The otherwise immeasurable soft skills of human resource tend to get sidelined when it comes to costs, profits and return on investment. Now T.V. Rao, the founder and president of the National HRD Network and a professor at Indian Institute of Management, Ahmedabad, explains the concept and technical details of measuring things such as the cost of time in his book Hurconomics for Talent Management. The book analyses human resource activities, processes, events, systems and decisions in terms of costs and returns. In a chapter on 360-degree feedback, Rao explains the more wholesome strategy of multiple assessments over traditional feedback systems where a single person’s judgement is utilized. Edited excerpts:
360 degree feedback or Multi-Rater Assessment and Feedback System (MAFS)
In recent years, 360 degree appraisals have become very popular because it has long been felt that one person’s assessment of another cannot be free of bias. In addition, with the focus on customers (both internal and external) and an emphasis on the softer dimension of performance (leadership, innovation, teamwork, initiative, emotional intelligence, entrepreneurship, and so on), it has become necessary to get multiple assessments for more objectivity. A 360
Hurconomics for Talent Managemment: Dorling Kindersley, 240 pages, Rs450.
degree appraisal is a multi-rater appraisal and feedback system. Almost every Fortune 500 company uses it in some form or the other. According to this system, the candidate is assessed periodically (once a year and sometimes even half-yearly) by a number of assessors, including his/her boss, immediate subordinates, colleagues, and internal and external customers. The assessment is based on a questionnaire specially designed to measure behaviours considered critical for performance. The appraisal is done anonymously by others and the assessment is collected by an external agent (for example, a consultant) or a specially designated internal agent (for example, the HRD department). The assessment is then consolidated, and feedback profiles are prepared and given to the participant after a workshop or directly by her/his boss or the HRD department at a performance review discussion session. Due to the innumerable variations possible in 360 degree feedback and appraisals, and its potency as a competency identification and development tool, it is important to understand the process and its dynamics.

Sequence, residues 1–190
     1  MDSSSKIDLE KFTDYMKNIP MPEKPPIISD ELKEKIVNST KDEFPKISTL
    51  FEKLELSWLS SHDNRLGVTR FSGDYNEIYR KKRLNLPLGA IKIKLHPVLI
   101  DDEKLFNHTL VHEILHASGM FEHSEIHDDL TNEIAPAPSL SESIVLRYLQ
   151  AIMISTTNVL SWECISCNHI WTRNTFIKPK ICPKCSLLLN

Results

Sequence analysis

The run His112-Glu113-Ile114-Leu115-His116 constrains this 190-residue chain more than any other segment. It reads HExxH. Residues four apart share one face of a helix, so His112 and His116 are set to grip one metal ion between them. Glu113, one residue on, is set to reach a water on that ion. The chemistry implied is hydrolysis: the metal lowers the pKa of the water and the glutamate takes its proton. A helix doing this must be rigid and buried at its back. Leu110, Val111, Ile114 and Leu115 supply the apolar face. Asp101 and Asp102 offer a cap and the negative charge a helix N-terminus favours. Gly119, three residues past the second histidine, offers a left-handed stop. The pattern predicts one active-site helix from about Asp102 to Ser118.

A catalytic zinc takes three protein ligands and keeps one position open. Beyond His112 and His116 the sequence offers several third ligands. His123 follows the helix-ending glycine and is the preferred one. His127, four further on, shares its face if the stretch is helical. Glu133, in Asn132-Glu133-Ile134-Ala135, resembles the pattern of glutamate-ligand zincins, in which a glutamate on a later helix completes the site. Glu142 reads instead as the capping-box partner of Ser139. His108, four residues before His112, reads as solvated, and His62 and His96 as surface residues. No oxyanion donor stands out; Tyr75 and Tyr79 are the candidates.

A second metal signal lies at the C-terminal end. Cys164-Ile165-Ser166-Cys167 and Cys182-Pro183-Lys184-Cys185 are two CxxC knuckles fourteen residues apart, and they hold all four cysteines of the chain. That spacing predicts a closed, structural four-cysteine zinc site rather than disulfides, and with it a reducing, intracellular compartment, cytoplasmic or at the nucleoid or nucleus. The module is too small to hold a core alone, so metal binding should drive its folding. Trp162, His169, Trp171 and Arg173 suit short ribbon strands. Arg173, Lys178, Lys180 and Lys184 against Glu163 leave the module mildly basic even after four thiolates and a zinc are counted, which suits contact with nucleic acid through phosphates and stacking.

Advantages of MAFS
The MAFS or 360 degree appraisal system has certain advantages. These
advantages are additional to those of traditional appraisals. Normally, MAFS should be viewed as a supplement to regular KPA- (key process area) or KRA (key result area)-based appraisal systems rather than as a replacement for them.
Objective: Go for 360-degree reviews.
The additional advantages offered by MAFS are as follows:
• It is more objective than the assessment of traits and qualities by one person.
• It supplements the traditional appraisal system.
•It usually provides feedback that employees find more acceptable.
• It can serve all the purposes of the traditional appraisal system, such as identifying development needs, reward management and performance development.
•It helps focus on internal customer satisfaction.
• It can point to the supervisory biases in the traditional appraisal systems.
• It is a good tool for enhancing customer service, and the quality of inputs and service to internal customers.
• It provides scope for candidates to receive multiple inputs to improve their role, performance, styles and ideas, and enhances their overall acceptability.
•It is more participative and enhances the quality of HR decisions.
• It is suitable for the new organizational cultures being promoted by most world-class organizations—participative culture, learning culture, quality culture, competency-based performance culture, team culture, empowering culture and leadership culture.
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